The Only Rivalry that Matters
Published in the Michigan Catholic
As fall sports move into high gear it prompts me to recall my own high school days at my alma mater, Detroit Catholic Central. Now, as a Catholic school Theology teacher I am again immersed in those same fall rivalries. My first year as a teacher – at Orchard Lake Saint Mary’s – reminded me how fun those rivalries could be. As a newer teacher, though, I often wondered how deep these contentions ran. I wondered if the rivalries ever melted into enmity or bitterness. After all, sports have taken a much more prominent role in society today. As much as I love sports, I often questioned whether they had been elevated to too high a level of importance.
It didn’t take me long to find the answers. On April 9, 2012 I walked into work to find out that the father of a local high school student was tragically killed and a mother and son lay critically injured due to a senseless act of violence. This unfathomable tragedy rang loudly throughout the entire Catholic school community – most certainly through the Shamrock family. The Ciprianos were a Catholic Central family. I taught at Orchard Lake Saint Mary’s. The very next day I listened to how the Shamrock community reacted. With their strong Basilian administration at the helm the “Shamrock nation” responded in a way that was nothing short of inspiring; gathering in prayer, support and determination. I’ve since heard stories of hundreds of boys meeting – unabated by adults – to pray the rosary. Knowing the goodness, discipline and knowledge the Shamrocks espouse, that didn’t surprise me.
But what struck another heartrending cord in me – perhaps because I was there to witness it a mere day after hearing the report – was the way in which the Saint Mary’s community reacted. Yes. Saint Mary’s – arch rivals to Catholic Central. The day after the tragedy I watched Headmaster Jim Glowacki pace the halls of the prep building with the same intensity as he had before many big games. I knew him to be an Eaglet through and through. But this time the mission was different. This time, a fellow student needed aid. And creed, color or fight song was suddenly less important. Within a week, Saint Mary’s faculty and students raised a large sum of money for the family in need. God, Family, Saint Mary’s – when push came to shove, they rose to the mantra they so proudly wear on the backs of their shirts.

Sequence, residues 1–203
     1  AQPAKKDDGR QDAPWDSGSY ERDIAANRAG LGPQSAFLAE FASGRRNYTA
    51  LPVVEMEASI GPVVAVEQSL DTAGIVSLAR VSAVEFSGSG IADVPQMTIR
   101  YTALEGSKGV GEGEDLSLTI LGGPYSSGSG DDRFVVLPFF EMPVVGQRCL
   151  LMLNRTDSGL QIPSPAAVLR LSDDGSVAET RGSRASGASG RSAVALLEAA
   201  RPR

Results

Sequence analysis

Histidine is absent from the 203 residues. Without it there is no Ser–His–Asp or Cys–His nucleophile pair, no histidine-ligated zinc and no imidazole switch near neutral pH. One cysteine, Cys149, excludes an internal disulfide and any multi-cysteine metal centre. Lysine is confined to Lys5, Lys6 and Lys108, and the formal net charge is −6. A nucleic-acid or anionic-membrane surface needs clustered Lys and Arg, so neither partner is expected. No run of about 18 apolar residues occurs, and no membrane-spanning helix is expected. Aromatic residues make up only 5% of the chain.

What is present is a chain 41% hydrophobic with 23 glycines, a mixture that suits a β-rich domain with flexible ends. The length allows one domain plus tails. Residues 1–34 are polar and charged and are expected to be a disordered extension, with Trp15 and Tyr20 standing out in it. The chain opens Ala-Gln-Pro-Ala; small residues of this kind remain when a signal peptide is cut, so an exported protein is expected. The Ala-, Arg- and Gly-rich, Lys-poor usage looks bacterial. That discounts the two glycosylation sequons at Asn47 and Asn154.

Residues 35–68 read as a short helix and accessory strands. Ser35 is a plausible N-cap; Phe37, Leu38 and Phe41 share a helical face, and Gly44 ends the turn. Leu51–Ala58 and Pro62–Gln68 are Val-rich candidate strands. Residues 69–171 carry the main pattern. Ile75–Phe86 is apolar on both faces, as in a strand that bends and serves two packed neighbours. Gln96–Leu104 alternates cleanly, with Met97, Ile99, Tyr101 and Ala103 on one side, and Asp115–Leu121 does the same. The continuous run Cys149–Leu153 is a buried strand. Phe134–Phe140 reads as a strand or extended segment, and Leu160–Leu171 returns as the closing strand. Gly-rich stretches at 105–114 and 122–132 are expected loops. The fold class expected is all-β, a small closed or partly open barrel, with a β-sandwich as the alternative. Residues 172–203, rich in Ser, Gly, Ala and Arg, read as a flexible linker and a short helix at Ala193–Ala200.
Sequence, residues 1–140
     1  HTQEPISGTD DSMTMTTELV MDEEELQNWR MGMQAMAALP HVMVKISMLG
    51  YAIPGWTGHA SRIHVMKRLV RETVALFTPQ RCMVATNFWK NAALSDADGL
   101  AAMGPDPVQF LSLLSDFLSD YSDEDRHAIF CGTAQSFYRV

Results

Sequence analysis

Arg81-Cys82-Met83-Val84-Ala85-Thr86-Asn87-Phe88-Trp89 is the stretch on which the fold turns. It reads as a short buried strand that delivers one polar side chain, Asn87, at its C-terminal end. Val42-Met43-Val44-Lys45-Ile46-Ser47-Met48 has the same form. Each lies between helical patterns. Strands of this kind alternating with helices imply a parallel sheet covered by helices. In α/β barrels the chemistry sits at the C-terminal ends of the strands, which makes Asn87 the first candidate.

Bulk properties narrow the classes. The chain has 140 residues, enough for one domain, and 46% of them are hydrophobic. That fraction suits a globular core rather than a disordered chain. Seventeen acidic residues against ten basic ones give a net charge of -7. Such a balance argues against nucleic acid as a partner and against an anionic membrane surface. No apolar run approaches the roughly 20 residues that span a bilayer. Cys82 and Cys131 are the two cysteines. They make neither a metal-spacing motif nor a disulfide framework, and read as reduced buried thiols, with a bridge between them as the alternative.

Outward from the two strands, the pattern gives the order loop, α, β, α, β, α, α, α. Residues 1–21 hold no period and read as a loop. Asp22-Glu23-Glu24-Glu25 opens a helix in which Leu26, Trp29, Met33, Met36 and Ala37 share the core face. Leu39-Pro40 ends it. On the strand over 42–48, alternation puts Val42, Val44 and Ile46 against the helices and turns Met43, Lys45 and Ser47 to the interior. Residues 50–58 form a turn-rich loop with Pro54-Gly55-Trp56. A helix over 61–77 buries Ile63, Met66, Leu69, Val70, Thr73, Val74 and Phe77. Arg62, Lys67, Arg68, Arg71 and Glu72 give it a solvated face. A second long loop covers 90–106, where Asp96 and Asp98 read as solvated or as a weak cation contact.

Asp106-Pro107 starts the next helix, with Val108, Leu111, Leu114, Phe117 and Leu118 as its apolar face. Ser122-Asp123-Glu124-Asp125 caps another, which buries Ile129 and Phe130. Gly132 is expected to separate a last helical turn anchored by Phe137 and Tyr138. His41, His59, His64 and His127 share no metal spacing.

I would later learn of the numerous acts of love perpetrated by public and Catholic Schools alike; acts such as Ladywood girls, gathered in droves, before the administration even had the opportunity to organize them – to assemble fundraisers for the family (after having taught these girls for the last few months, this comes as no surprise!); acts such as Brother Rice wearing Sal Cipriano’s number on their uniforms.
My experiences from inside the classroom have spoken volumes about how Catholic League rivalries abound. But suddenly I discovered my understanding of these contentions was beginning to change. And what I came to realize was that the rivalries were present, but in ways I had least expected. Shamrock and Eaglet; Blazer and Marlin. Yes, those battles existed, but perhaps the greatest rivalry was the one I had least expected.
Whoever said the youth of our county was lost doesn’t know the kids I teach. Who would have known they would step up to the challenge? Take that, sorrow! Take that, hopelessness! The real rivalry has been revealed. It’s the only one that can truly assuage the anguish of a hurting community. The rivalry is between darkness and light, tragedy and triumph. And it’s only possible through the love of Christ.
On September 14th, 2012 – a mere five months after the Cipriano tragedy, Rose Cipriano joined her son Tanner for parent day at the Catholic Central football game. I’m told there wasn’t a dry eye in the house. God has that ability to remind us of the rivalry into which we should all be immersed; the only one that will ultimately transform our world. If our Catholic school kids can step up in ways I’ve witnessed, our future is bright.